“I’M VERY WEAK AND WOULD LIKE TO EAT”
by Sharon Rondeau
(Jun. 26, 2017) — After more than two weeks, on Monday The Post & Email received a letter from Tennessee inmate Grenda Harmer, #88710, who began a hunger strike on June 5 at the Morgan County Correctional Complex (MCCX).
His protest is to treatment he said he received by MCCX intake officers after he was transferred there on June 3 from a CoreCivic institution, South Central Correctional Facility (SCCF). Harmer has been housed in four facilities in less than a year’s time as noted in a letter from the No Exceptions Prison Collective (NEPC) to MCCX Warden Shawn Phillips on June 14.
In the letter received today, dated June 19, 2017, Harmer indicated that he is drinking milk packaged for institutional use and has eaten a banana as an “olive branch” to corrections staff. “They refused to accept olive branch,” he reported.
A narrative of events comprises pages 1 and 2, which are written on a small piece of paper, while two subsequent 8.5″ x 11″ sheets, also containing writing on both sides, document specific observations in linear and diary formats.
The page with journal entries for each day begins with June 9 and ends with June 18.
In a June 8 letter informing us of the hunger strike, Harmer stated that he feared his food would be poisoned based on a “threat” he said staff made during the intake process, after which he was placed in “high security” without being told why.
Harmer said that upon his arrival at the facility, inmates were allowed access to his institutional file, which violates Tennessee Department of Correction (TDOC) policy. He also reported that his television and desert boots were confiscated and that guards threatened to dispose of them.
The TDOC’s Administrative Policies and Procedures manual governing inmate property state that a television is allowable outside of the space restriction for personal property of “six cubic feet.”
On page 1, Harmer contended that “The medical staff are horrible.”
The section of TDOC policies titled “Inmate Personal Property Accounting System” states that an inmate’s property is moved with him between institutions and “shall be checked at the receiving institution” by means of a computerized system to discover if any item is missing.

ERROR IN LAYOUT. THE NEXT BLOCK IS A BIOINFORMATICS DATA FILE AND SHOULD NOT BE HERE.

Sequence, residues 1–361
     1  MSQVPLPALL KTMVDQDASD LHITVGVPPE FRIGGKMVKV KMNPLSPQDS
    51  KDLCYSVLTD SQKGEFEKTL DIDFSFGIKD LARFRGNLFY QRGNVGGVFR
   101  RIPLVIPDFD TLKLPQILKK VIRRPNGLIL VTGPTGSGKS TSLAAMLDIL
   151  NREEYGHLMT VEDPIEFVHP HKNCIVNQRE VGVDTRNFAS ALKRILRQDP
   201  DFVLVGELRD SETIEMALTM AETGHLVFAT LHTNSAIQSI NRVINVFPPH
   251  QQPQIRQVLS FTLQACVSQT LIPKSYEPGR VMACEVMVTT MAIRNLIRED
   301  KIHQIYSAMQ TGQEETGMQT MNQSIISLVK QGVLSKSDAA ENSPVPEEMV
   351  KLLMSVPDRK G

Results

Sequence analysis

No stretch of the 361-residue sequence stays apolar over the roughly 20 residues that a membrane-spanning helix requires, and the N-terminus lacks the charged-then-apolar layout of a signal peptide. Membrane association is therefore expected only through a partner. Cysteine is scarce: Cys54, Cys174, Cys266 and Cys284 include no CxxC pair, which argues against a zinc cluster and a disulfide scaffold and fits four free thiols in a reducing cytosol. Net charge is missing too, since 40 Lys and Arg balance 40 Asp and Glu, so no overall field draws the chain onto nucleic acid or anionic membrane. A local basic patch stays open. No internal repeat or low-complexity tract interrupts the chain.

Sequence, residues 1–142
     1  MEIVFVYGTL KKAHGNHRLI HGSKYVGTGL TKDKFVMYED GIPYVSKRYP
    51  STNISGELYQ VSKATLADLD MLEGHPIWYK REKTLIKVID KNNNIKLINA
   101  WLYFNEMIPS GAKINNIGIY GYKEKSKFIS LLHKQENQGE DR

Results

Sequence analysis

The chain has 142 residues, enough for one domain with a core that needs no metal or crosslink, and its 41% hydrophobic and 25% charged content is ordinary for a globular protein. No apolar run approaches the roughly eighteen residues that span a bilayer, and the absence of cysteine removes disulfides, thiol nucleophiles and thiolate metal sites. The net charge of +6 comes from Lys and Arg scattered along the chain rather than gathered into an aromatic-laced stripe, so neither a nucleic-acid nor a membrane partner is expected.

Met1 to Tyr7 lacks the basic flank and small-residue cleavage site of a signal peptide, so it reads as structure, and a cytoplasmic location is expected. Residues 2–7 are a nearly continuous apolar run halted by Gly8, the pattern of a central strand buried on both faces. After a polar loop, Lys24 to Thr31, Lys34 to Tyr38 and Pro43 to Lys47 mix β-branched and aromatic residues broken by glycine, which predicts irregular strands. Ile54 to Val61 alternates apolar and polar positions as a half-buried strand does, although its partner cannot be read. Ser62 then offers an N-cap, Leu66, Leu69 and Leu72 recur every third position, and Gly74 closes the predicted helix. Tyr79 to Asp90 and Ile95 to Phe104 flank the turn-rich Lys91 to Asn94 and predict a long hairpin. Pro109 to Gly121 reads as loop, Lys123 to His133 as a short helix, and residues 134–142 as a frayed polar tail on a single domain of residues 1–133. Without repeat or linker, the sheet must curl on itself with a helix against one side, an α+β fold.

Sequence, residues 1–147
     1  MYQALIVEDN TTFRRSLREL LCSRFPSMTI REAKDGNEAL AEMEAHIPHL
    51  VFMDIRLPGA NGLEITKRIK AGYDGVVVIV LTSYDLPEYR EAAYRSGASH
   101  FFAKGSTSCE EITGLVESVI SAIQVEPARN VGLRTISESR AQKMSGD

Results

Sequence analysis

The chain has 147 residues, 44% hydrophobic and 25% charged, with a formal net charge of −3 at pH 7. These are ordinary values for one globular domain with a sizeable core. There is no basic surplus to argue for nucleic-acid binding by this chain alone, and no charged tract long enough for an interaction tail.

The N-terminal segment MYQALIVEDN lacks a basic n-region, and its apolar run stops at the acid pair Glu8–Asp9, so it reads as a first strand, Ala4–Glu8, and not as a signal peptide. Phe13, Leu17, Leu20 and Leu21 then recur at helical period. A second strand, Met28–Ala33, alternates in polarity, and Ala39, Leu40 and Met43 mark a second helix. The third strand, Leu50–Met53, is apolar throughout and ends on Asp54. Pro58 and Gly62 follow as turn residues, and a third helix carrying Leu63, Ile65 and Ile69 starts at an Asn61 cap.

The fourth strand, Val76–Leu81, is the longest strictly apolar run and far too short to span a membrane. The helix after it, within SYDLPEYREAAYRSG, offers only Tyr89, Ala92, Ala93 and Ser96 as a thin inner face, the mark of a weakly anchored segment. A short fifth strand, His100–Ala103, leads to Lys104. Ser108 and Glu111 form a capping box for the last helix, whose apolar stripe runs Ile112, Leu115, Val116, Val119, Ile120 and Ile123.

On page 2 of the letter, Harmer stated that on June 16, he was “threatened with going to the TRIANGLE” following staff’s decision to place him in segregation for 30 days. “I doubt I’ll last long in the Triangle, being the only person who is not a gang member,” he wrote. “When my 30 days are up it appears that is where I’m heading. Whether, I’m able to walk or not.” [sic]
Harmer titled page 3 of his letter “FACTS ABOUT MCCX HIGH SECURITY (“HS”), and indicated his section and number as “25D.” The first item in a list is “MEDICAL ISSUES INVOLVING HUNGER STRIKES” and begins:
If I remember correctly TDOC has a policy involving hunger strikes by prisoners. That it requires each facility to have medical monitor said prisoner(s) when it becomes apparent the prisoner has engaged in a hunger strike. I could be wrong. I might be thinking of something I read in the PLN or a newspaper…”
“PLN” stands for “Prison Legal News.”
The Post & Email was unable to find a TDOC policy dealing with hunger strikes.
In item #2 on the page, “MCCX HS 25D area,” Harmer stated that “I’ve never been permitted outside my cell since June 5th.”
The administrative policy governing segregated inmates and exercise reads on page 4:
On the back of one of the full-sized sheets of paper, Harmer remarked, “Oh! It should be noted I’m the only prisoner who is denied footwear.” Enclosed with the letter were copies of two grievances. In one, Harmer directed himself to “MEDICAL STAFF” in which he wrote, “I’m very weak and would like to eat.”
The other was a request for four grievance forms.